Yugoslav goalkeeper Blagoje Vidinic attempts to save the ball during the 1960 European Championship final
Yugoslav goalkeeper Blagoje Vidinic attempts to save the ball during the 1960 European Championship final

Predominantly isolated from the rest of the world due to political circumstances after the Second World War, it was rare for an Eastern-European nation to dominate world football. As such, it formed the controversy that surrounded the football tournament at the Olympic Games.

Whereas the Olympic community called for amateur footballers at the Games, Eastern Europe’s sly definition led to professionals competing at the Games. Thus between 1952 and 1980, only Eastern European nations won Olympic Gold at the football tournament.

While this did not reflect on their position on the international scene, it did contribute to some of their outstanding performances. Hungary for example were the best in the World for four years in the early 50’s while the likes of Czechoslovakia and Poland would reach the final (1962) and the semis (1974) of the World Cup respectively.

It was the advent of Europe’s continental cup tournament in the 1960’s that finally brought about balance.

Besides the World Cup, it became a medium of seriously judging a country’s dominance at international level.  Due to that, the Soviet Union of the 60’s became a highly consistent team in so far as reaching the latter stages of international tournaments was concerned. In a period of eight years between 1960 and 1968, they won one tournament, got to another final, reached two semi-finals and also had a quarter-final to their name. In Lev Yashin, they also possessed a goalkeeper who would go on to become legendary, winning the Ballon d’Or for Europe’s best player in 1963.

In that period also, one other team displayed the sort of consistent characteristic that the Soviets had. That team was Yugoslavia.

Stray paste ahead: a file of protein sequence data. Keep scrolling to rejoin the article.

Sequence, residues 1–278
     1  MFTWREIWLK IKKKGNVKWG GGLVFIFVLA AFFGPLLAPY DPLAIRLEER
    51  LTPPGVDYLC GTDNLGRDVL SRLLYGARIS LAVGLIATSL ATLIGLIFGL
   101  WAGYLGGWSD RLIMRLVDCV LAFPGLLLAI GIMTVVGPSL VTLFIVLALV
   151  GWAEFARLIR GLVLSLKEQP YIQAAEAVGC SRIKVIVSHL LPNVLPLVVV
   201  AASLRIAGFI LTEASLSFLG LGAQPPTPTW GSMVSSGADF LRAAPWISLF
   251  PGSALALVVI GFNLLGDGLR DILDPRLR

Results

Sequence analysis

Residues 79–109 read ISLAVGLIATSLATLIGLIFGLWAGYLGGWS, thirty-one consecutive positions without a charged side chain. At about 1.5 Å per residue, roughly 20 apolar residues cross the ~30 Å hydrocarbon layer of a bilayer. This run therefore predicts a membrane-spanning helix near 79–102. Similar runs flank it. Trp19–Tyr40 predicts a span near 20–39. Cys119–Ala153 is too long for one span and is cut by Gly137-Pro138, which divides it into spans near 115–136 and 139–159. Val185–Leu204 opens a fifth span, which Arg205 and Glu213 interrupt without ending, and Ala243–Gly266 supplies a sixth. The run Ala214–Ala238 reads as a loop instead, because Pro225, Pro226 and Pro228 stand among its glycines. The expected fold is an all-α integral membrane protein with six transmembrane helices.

Indeed, Yugoslavia would meet the Soviets in the first ever final of the European Championships in 1960.  A tense final in Paris would see the Soviets emerge victorious.  Milan Galic would become the first ever goal-scorer in a European Nation’s Cup Final as he gave Yugoslavia a 43rd minute lead. His goal would however be cancelled out four minutes after the restart before a 113th minute goal would win it for the Soviets in extra time. Yugoslavia had however come very close to winning an international football tournament. It would not be the last.

Two years later in Chile, it would be another Eastern European nation that would deny them a chance of attempting to win the World Cup. Czechoslovakia stood in their way and denied them the chance to face a Garrincha led Brazil in the final by defeating them in the World Cup semi-final. Instead, Yugoslavia would have to be content with finishing fourth as hosts Chile defeated them in the third place playoff game. Drazan Jerkovic would however become one of six players to be tied on four goals for the tournament’s Golden Boot.

The XI that lost to Czechoslovakia in the 1962 World Cup semis
The XI that lost to Czechoslovakia in the 1962 World Cup semis

They would then be knocked out of qualifying for the 1964 European Championships by Sweden in the first round before failing to qualify for the 1966 World Cup. But to bring an end to an era, they would have one final chance of lifting an international tournament.

Rome would be the scene of their final stand. Having defeated all comers in the 1968 European Championships, they came face to face with hosts Italy. The Italians had been lucky somewhat to reach that far. Their semi-final with the Soviet Union had particularly highlighted this. In an era before penalty shootouts, the 0-0 draw between Italy and Soviet Union would be decided by the toss of a coin. Italian captain Giacinto Facchetti got the luck of picking the right side of the coin.

In the final at the Stadio Olimpico, Fachetti would see his side concede first. Just like in the final in 1960, Yugoslavia would take the lead before half time. Yet again however, they would see the opponents equalise in the second half.

None of the sides scored again even after extra time. But unlike the semi-final, the match would not be decided by a coin toss and so a replay was organised for two days later. Italy would win the replay 2-0 in the process lifting their solitary European crowm.

Yugoslavia would once more be subject to the disappointment of failure.  Their record however in the that decade read two finals and a semi-final.

That sort of achievement would never — and will never — be realised again. In 1992, the country would plunge into Civil War that would end in Balkanization. The territory that used to be Yugoslavia is now six separate states including Croatia, Bosnia-Herzegovina and Macedonia.

Yet, for eight years in the 60’s, these territories produced a wide range of footballers whom together got precariously close to lifting at least one international tournament.

Great International Teams that Never Won : Introduction

[image courtesy of imortaisdofutebol]